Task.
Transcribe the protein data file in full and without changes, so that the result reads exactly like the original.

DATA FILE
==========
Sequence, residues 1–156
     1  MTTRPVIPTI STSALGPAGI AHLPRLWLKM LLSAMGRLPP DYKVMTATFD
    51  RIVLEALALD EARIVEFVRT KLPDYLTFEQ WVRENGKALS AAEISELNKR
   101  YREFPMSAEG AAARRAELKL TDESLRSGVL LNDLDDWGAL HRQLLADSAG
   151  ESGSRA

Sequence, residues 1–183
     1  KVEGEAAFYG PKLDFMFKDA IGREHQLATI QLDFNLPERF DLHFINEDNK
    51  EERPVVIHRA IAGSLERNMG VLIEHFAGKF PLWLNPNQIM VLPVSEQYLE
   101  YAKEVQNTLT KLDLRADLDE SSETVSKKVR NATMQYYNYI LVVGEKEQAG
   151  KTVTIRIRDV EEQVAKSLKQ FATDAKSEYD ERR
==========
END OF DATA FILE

Sequence, residues 1–156
     1  MTTRPVIPTI STSALGPAGI AHLPRLWLKM LLSAMGRLPP DYKVMTATFD
    51  RIVLEALALD EARIVEFVRT KLPDYLTFEQ WVRENGKALS AAEISELNKR
   101  YREFPMSAEG AAARRAELKL TDESLRSGVL LNDLDDWGAL HRQLLADSAG
   151  ESGSRA

Sequence, residues 1–183
     1  KVEGEAAFYG PKLDFMFKDA IGREHQLATI QLDFNLPERF DLHFINEDNK
    51  EERPVVIHRA IAGSLERNMG VLIEHFAGKF PLWLNPNQIM VLPVSEQYLE
   101  YAKEVQNTLT KLDLRADLDE SSETVSKKVR NATMQYYNYI LVVGEKEQAG
   151  KTVTIRIRDV EEQVAKSLKQ FATDAKSEYD ERR